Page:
China search for higher quality iron ore at the expense of coal

As the price of coal continues to surge, Chinese steel mills are looking to use higher quality iron ore in an attempt to increase efficiency and use less coal. The decision from Chinese mills have come at a cost to India and Iran whom are the main suppliers to China of low-grade iron ore, operators in both countries are now having to battle in the form of discounts to attract buyers and make it financially worthwhile to continue using low quality iron ore. 
A majority of iron ore that is produced in Iran and India is below 60 percent iron content, which is considered a low grade on the Platts pricing index.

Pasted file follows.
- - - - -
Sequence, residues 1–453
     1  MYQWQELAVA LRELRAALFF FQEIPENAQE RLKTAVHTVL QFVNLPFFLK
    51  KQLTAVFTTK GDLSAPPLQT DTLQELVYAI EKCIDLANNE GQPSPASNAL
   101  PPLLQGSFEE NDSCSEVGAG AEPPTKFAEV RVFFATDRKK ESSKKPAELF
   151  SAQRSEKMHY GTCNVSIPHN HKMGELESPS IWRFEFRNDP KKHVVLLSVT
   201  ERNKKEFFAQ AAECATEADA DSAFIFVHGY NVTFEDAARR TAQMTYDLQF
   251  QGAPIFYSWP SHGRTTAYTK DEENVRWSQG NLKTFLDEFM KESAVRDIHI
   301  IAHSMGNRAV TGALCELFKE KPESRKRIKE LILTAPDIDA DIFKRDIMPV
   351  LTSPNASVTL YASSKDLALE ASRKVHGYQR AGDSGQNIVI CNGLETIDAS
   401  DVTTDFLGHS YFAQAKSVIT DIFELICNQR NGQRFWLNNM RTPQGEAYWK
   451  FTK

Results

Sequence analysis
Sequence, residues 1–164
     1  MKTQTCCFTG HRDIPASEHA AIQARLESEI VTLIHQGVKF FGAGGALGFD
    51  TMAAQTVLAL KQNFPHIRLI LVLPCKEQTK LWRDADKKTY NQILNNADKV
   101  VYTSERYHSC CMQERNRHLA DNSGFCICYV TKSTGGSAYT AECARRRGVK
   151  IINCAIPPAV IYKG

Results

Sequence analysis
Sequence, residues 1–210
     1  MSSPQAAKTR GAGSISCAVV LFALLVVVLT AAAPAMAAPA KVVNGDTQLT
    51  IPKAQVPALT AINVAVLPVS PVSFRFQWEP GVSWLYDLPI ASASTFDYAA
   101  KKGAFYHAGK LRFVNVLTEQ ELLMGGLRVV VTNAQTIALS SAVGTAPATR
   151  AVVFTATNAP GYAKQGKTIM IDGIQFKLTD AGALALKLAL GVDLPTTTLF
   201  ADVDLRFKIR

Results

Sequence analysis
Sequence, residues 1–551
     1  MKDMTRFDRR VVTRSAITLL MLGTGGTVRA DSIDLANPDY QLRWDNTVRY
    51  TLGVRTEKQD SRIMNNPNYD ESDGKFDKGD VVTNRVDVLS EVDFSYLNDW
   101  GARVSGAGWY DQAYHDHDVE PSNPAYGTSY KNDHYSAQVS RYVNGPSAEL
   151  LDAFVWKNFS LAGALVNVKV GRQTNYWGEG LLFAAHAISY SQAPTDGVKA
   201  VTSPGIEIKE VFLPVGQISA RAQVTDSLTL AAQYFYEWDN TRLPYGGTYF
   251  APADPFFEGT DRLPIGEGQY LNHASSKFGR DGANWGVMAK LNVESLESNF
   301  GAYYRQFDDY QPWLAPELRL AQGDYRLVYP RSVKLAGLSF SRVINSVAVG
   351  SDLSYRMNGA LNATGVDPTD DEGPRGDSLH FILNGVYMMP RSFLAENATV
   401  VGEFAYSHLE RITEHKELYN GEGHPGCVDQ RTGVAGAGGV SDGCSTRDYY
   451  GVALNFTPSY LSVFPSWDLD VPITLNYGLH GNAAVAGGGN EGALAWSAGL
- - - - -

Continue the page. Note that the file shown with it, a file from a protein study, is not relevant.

At an annual iron and steel conference in China's port city of Dalian, low-grade iron ore suppliers scoured for steel mills in a packed hotel lobby, hoping to find new business. "No discount, no buyer," said a Chinese trader who was visiting in search of taking advantage of the desperate situation in shifting low-grade iron ore. The glut has hammered iron ore prices in the past three years and the surge in coking coal prices in recent months has made it harder for lower grade material to enter the Chinese market.

The change does, however, bode well for Australia and Brazil whom between them provided 83% of iron ore imports to China, between January and July. These two countries will hope the price of coal continues to rise so they can maintain the demand levels of the world’s biggest producer of steel. 
 The spot price of Australian premium hard coking coal .PHCC-AUS=SI has surged more than 160 percent this year, dwarfing a 29 percent gain in iron ore .IO62-CNI=SI.
Lower coal output in China and supply disruptions in top exporter Australia combined to lift coal prices while expectations of more supply limited iron ore's upside.